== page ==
"Brooklyn Baby" is some of her sharpest writing, equal parts playful needling and affectionate tribute to the snooty New York art scene. One of the most indelible tracks off of Ultraviolence, the song epitomizes the entire record's move towards more rock instrumentation, with a guitar-based sound. It references legendary rock artist Lou Reed, who was slated to appear on the track before his death in late 2013, showing just how highly she's thought of by other artists.

"Love," Lust for Life (2017)

For as much as Del Rey recognizes how fallible many of our culture's ideals are, she's always been a romantic. "Love," the first single from 2017's Lust for Life, is a prime example of this.

The whole album is a big play on her love of classic Hollywood imagery, including the video for "Love," and the song is a dreamy throwback to '50s love songs. If "Mariners Apartment Complex" chides anyone thinking Del Rey can only be sad, "Love" is a full rebuke, as it's one of her most straightforwardly optimistic tracks. Commercially, "Love" was Del Rey's highest-charting feat since Ultraviolence (landing at No. 44 on the Billboard Hot 100), further establishing that she had longevity. 

"Chemtrails over the Country Club," Chemtrails over the Country Club (2021)

2020 and the pandemic did a number on everyone, radically altering lives and shaking faith in many of the institutions of everyday life. That unmooring is felt on Del Rey's seventh album, Chemtrails over the Country Club, and particularly on its title track.

Del Rey is as sharp as ever in exploring the pulse of American society on the dreamy, disaffected number. "You're in the wind, I'm in the water/ Nobody's son, nobody's daughter" is a breathtaking piece of writing that became a TikTok favorite, illustrating Del Rey's continuing ability to relate to the youth. 

Expert

"F—ed My Way Up To the Top," Ultraviolence (2014)

As we enter the realm of the Expert Lana Del Rey fan, we're firmly out of album singles territory. From here, it's all deep cuts and non-album tracks.

Del Rey has been no stranger to controversy — some warranted, some not. An early knock against her was that the mid-20th century aesthetic and perceived submissiveness in her music was anti-women or anti-feminist, a surface-level reading that in the years since has been largely dispelled. 

The singer has worked to combat it herself on tracks like Ultraviolence's "F—ed My Way Up To the Top," which takes that perceived notion to its extreme. At the same time, it's another in a long line of tracks in which Del Rey has embraced her own sexuality and sensuality as something to be celebrated and claimed, not something to be ashamed of.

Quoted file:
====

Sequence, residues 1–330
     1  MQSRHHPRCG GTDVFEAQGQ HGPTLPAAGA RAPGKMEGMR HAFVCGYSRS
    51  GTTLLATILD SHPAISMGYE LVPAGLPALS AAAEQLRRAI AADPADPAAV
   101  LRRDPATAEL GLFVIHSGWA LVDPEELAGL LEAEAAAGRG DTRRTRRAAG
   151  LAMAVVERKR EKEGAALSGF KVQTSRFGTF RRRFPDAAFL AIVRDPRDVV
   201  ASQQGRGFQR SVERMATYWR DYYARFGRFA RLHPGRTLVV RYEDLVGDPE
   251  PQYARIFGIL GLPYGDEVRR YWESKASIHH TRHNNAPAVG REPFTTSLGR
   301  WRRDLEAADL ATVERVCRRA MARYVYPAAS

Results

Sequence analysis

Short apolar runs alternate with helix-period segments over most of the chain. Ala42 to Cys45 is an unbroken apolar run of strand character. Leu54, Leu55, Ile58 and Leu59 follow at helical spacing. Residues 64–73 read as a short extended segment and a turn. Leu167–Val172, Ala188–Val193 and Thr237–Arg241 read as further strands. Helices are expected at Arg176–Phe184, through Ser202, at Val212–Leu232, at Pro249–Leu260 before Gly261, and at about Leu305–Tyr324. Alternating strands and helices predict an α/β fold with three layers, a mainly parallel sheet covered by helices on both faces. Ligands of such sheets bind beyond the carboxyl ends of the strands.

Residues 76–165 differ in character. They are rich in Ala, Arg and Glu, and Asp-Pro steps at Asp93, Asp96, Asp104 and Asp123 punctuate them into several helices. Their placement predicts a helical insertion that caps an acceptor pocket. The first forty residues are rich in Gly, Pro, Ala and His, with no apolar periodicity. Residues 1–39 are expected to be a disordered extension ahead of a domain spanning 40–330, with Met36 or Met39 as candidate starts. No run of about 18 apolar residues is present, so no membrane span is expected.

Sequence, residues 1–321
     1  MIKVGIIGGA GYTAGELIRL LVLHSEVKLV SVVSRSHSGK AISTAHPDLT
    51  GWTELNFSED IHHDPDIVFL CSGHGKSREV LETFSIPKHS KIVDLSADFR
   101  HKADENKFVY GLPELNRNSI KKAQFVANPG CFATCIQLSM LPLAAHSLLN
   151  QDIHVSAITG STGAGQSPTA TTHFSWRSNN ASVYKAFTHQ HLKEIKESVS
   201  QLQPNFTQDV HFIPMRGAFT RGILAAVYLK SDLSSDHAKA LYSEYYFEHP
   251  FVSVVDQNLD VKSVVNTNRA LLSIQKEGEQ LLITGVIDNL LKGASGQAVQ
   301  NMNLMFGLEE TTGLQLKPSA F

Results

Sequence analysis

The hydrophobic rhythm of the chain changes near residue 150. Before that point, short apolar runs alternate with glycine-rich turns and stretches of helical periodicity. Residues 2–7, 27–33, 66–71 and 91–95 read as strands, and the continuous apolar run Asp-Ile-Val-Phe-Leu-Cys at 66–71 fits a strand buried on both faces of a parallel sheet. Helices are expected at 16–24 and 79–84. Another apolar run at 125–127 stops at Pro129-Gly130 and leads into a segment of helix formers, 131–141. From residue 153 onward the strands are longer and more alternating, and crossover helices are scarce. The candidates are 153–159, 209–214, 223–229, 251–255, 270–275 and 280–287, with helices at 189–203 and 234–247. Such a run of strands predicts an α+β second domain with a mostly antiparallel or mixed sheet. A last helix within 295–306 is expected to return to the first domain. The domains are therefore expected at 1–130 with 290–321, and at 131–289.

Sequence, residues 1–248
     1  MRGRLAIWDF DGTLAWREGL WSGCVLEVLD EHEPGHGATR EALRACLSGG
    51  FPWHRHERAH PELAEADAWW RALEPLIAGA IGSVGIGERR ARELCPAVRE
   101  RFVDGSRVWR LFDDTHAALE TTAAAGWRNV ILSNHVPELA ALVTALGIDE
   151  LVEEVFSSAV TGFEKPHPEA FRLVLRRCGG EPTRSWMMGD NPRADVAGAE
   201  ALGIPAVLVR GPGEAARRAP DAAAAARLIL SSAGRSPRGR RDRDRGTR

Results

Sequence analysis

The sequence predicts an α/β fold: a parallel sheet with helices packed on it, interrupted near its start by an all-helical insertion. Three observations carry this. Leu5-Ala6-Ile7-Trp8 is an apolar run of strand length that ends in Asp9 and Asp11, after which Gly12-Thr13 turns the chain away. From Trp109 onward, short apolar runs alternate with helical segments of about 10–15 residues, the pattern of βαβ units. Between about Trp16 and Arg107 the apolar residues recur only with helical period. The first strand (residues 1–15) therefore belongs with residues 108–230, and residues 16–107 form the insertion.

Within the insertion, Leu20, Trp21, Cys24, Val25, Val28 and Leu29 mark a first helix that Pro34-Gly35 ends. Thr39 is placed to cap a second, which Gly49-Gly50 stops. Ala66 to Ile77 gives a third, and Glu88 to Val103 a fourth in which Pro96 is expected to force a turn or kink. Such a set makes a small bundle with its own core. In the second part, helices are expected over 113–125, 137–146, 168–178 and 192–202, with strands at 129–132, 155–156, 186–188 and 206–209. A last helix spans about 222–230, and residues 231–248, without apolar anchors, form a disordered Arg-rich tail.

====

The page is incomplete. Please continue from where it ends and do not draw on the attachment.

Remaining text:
"Art Deco," Honeymoon (2015)

2015's Honeymoon isn't necessarily underappreciated, as it received positive reviews upon release debuted at No. 2 on the Billboard 200, but "Art Deco" isn't likely to appear on many playlists. It should, though, as the track illustrates how much of musical chameleon Del Rey really is, with a sultry, hip-hop inspired rolling beat. 

It treads some familiar territory thematically with trying to find acceptance in night life, but Del Rey is really comfortable here. She shows more of her knowledge of art history by relating the subject of the song to the defining characteristics of the titular art movement, revealing just how much thought she puts into her aesthetic.

"Fingertips," Did you know that there's a tunnel under Ocean Blvd (2023)

Did you know that there's a tunnel under Ocean Blvd is arguably Del Rey's most intimate album, exploring details of her family and their history that fans have only previously seen brief glimpses of. At the same time, it is partially an examination of her own legacy and work, only natural for someone with as much output as Del Rey, let alone her frequent references to death and finality.

Both of these things combine in "Fingertips," a standout track from the album. A nearly six-minute long ballad, it's musically airy while emotionally devastating — and, for a true Del Rey fan, encapsulates so much of her legacy in just one song.

Diehard

"Yayo," Paradise (2012)

For fans in the Diehard level, everything before is old news. This is for fans who want to fully live the Lana life, who have all her albums on vinyl and have carefully built their image and fashion around her.

Speaking of her image, this section starts with "Yayo," an extremely early deep cut. This track originally appeared on Lana Del Ray before being reworked and rereleased on the Paradise EP in 2012. The song leans heavier than most into the '50s imagery and floats along at a dreamy, lilting pace. While not as refined as her later work, "Yayo" is an indicator Del Rey had a solid idea of who she wanted to be as soon as she started.

"Season of the Witch," Non-album Single (2019)

Del Rey has done several covers throughout her career, and quite successfully. Norman F—ing Rockwell! features her cover of Sublime's "Doin' Time," which is one of the highlight tracks from the record. Less known is Del Rey's spooky cover of '60s classic "Season of the Witch." 

Written for the 2019 horror film Scary Stories to Tell in the Dark, the song fits Del Rey's style perfectly. The Americana/flower crown aesthetic of her younger years always leaned witch-adjacent, and Del Rey takes her soft vocals into playfully sinister territory. It's a fun cover, and shows just how many gems Del Rey has in her discography for those fans willing to dig. 

"Say Yes to Heaven," Non-album Single (2023)

"Say Yes to Heaven" was never supposed to be heard. A late cut from Ultraviolence, the track remained buried for years before being leaked in 2016. It lurked on the internet, only known to superfans, before gaining steam with the rise of TikTok and finally seeing an official release in 2023.